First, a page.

Finally, the bill requires that a list of companies that send call center jobs offshore be made available to the public, and allows firms that bring jobs back to America to be removed from that "bad actor" list.
"This bill would not stop a corporation from moving jobs overseas, but it makes it clear that those that don't want to keep good jobs here in the U.S. won't be able to benefit from federal grants and guaranteed loans," said CWA Senior Director George Kohl. "There should be no more handouts from taxpayers for those who choose not to invest in American workers."
CWA also has pointed out that the proposed Trans-Pacific Partnership trade agreement, as currently structured, would enable other countries to challenge and potentially overturn U.S. legislation that seeks to promote quality U.S. jobs, including call center legislation. CWA and allies are fighting to stop "fast track" authority, also called Trade Promotion Authority, which would prohibit Congress from taking up any amendments to TPP.
The call center bill, cosponsored in the Senate by Banking Committee Chair Tim Johnson (D-SD), is sponsored in the House of Representatives by Democrats Tim Bishop (NY-1), Mike Michaud (ME-2) and Gene Green (TX-29), along with Republicans David McKinley (WVA-1), Michael Grimm (NY-11) and Chris Gibson (NY-19).
CWA member Charlice Boston, a Winston-Salem North Carolina-based US Airways reservations agent, is one of the 5,000 agents who filled jobs brought back to the U.S. from overseas as part of a collectively bargained agreement with the company.
"I want to say 'thank you' from my co-workers and customers to Senator Casey, Rep. McKinley and Rep. Bishop for their leadership on this important legislation," Ms. Boston said. "I encourage all of our Senators and Representatives to think of the impact quality jobs have on their constituents and to co-sponsor and pass this bill."
CWA has released a report entitled "Offshoring Security – How Overseas Call Centers Threaten U.S. Jobs, Consumer Privacy and Data Security."
The document outlines how U.S. corporations – many of whom receive millions in taxpayer subsidies – hurt the economy here at home and put consumer personal information at risk by sending call center jobs overseas in the name of lowering labor and other business costs.
The report specifically calls out the "too big to fail" banks that received taxpayer bailouts during the recent financial crises who have summarily sent tens of thousands of call center jobs overseas. The worst offenders include Capitol One, JP Morgan Chase, Wells Fargo, Bank of America and Citigroup.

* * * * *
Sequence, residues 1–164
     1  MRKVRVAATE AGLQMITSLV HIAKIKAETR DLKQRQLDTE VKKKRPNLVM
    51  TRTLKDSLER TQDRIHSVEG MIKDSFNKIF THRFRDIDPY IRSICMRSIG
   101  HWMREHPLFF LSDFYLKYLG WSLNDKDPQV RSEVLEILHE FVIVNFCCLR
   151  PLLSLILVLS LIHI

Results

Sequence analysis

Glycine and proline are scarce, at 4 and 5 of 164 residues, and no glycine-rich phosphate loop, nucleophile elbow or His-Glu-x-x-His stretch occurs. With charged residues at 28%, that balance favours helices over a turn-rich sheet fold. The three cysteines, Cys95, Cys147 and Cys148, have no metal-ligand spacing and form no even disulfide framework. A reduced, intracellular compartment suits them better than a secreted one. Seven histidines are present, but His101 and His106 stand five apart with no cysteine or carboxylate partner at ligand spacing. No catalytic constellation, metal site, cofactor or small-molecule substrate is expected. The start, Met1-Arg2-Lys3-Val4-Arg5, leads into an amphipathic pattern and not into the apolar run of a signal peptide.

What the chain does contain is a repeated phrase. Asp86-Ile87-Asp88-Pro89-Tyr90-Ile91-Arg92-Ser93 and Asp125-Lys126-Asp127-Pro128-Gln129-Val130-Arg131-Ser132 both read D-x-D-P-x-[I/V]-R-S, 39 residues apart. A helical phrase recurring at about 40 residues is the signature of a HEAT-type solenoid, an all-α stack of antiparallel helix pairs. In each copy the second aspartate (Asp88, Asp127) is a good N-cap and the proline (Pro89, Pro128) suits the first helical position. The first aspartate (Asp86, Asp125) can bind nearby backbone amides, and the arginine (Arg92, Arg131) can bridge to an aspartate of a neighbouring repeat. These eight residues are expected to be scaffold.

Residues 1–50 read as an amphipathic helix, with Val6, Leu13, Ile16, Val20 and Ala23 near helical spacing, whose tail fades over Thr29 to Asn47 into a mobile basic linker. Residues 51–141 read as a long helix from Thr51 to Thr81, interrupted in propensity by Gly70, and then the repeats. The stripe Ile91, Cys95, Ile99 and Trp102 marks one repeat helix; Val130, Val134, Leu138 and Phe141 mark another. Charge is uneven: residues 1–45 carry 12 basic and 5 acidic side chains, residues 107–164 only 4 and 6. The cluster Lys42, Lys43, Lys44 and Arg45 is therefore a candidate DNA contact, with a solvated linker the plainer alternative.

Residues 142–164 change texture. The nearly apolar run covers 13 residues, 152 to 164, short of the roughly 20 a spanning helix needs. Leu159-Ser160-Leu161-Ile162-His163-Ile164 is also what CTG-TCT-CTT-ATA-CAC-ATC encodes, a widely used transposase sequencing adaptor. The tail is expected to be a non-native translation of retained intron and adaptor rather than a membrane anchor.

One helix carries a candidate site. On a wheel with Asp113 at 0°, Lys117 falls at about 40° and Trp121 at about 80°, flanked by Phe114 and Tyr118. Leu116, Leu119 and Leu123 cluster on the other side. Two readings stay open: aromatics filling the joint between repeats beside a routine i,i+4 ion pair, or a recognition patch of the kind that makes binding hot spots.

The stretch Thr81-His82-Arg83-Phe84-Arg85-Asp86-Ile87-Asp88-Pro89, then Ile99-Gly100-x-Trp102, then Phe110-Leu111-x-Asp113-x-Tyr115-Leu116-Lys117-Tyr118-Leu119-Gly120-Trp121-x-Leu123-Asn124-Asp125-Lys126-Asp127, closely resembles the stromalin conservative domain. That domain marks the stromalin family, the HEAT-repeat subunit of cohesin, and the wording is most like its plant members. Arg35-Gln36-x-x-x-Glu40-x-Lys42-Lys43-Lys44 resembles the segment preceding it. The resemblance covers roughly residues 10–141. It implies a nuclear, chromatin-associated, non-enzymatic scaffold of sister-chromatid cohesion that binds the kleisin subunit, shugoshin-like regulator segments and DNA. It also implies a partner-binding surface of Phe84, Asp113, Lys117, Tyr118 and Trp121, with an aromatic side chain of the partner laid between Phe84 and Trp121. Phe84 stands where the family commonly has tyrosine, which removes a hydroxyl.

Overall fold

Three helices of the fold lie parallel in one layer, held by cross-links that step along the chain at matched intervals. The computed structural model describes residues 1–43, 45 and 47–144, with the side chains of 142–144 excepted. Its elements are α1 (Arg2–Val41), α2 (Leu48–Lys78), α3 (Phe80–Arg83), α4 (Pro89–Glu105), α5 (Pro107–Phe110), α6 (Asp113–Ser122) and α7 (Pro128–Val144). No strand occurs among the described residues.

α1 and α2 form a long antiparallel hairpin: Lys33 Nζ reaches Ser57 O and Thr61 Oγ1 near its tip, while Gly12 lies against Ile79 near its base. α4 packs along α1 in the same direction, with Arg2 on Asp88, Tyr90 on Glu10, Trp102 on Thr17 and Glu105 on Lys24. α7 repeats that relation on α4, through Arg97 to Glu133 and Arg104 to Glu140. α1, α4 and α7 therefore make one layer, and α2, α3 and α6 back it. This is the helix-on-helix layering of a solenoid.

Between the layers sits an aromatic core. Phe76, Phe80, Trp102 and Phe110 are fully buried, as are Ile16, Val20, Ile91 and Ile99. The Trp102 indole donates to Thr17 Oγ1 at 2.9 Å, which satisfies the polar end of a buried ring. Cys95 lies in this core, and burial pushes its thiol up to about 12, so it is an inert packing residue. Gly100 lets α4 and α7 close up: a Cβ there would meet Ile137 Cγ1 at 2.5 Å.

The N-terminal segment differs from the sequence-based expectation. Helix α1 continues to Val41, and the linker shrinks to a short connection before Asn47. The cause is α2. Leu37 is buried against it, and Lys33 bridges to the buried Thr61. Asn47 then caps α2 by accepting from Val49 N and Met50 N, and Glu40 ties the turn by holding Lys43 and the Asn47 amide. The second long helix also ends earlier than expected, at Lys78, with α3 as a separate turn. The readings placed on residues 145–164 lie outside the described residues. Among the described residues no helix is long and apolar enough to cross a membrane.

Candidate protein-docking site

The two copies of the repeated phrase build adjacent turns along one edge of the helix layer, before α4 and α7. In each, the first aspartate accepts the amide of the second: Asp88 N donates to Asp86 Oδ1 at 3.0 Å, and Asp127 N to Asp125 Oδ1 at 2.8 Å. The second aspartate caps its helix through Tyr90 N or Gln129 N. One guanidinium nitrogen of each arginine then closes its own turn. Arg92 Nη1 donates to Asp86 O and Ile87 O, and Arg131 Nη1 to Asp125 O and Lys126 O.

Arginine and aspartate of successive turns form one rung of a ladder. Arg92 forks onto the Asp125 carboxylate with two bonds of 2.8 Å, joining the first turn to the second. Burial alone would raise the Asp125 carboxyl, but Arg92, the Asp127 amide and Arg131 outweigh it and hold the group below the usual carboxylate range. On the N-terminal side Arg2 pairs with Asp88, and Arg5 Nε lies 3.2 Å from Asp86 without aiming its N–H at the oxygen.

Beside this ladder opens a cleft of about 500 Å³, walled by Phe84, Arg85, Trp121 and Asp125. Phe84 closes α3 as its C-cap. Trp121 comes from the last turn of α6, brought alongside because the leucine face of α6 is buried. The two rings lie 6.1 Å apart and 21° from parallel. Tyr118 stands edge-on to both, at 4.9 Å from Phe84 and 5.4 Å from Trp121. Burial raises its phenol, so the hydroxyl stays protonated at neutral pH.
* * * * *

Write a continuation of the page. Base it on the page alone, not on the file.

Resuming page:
The report also cites the example of T-Mobile US, which closed seven U.S. call centers last year, putting 3,300 employees out of work and moving operations to Honduras and the Philippines, all after accepting $61 million in state and local subsidies. Even though CWA won Trade Adjustment Assistance benefits for those workers after documenting their work had, in fact, been offshored, the company to this day denies the fact.
"What really ticks me off is that, instead of helping us get these benefits to re-start our lives, T-Mobile told the world they were not offshoring jobs. They told members of Congress and they told investors that the job losses resulted only from lower call volumes," said Jamone Ross, who worked at a T-Mobile call center in Frisco, Texas, that closed in June, 2012. "The Call Center and Worker Protection Act will require companies to be more honest."
Standard & Poor's
Guild members vote on the S&P contract.
Guild members at Standard & Poor's on Monday overwhelmingly ratified a three-year contract.
Super Shuttle drivers at Denver International Airport, members of CWA Local 7777, are fighting for a first contract and fairness. About 100 drivers, mostly African immigrants, have been bargaining since January 2012. Drivers overwhelmingly rejected the company's latest demands for a wage cut of about 30 percent that would cut workers' pay to $11.50 an hour.
Help support the SuperShuttle drivers by liking their Facebook page.
On Facebook, you can sign the petition that calls on the Colorado legislature and Governor John Hickenlooper (D) to support the drivers' fight for fairness. Or click here.
A NABET-CWA Local 43 member rallies against Detroit's Fox 2.
Below: Activists hand out peanuts at Tiger Stadium.
Detroit's Fox 2
NABET-CWA Local 43 is putting the spotlight on the refusal of Detroit's Fox 2 to bargain in good faith.
Members have been hitting the streets to mobilize against the station. During the recent World Series playoffs in Detroit, activists handed out bags of peanuts to fans going to the games with a label that read "Turn off FOX 2," implying that the company wanted our members to now work for peanuts. When the company attended an event at a big advertiser's furniture store, workers were there outside with signs.
NABET-CWA Local 43 represents many of the technical workers at Detroit's Fox 2. Contract negotiations began in May, but the October talks ended when the union suspended negotiations because the company was not taking it seriously. Fox is trying to eliminate breaks, expand jurisdictional rights so anybody working in the building can shoot video and stop providing photographers gear for inclement weather, among other issues.
The West Virginia Supreme Court upheld a lower court ruling that said CWA Verizon members at the Clarksburg call center were entitled to unemployment benefits for the two weeks in August 2011 that Verizon members were on strike.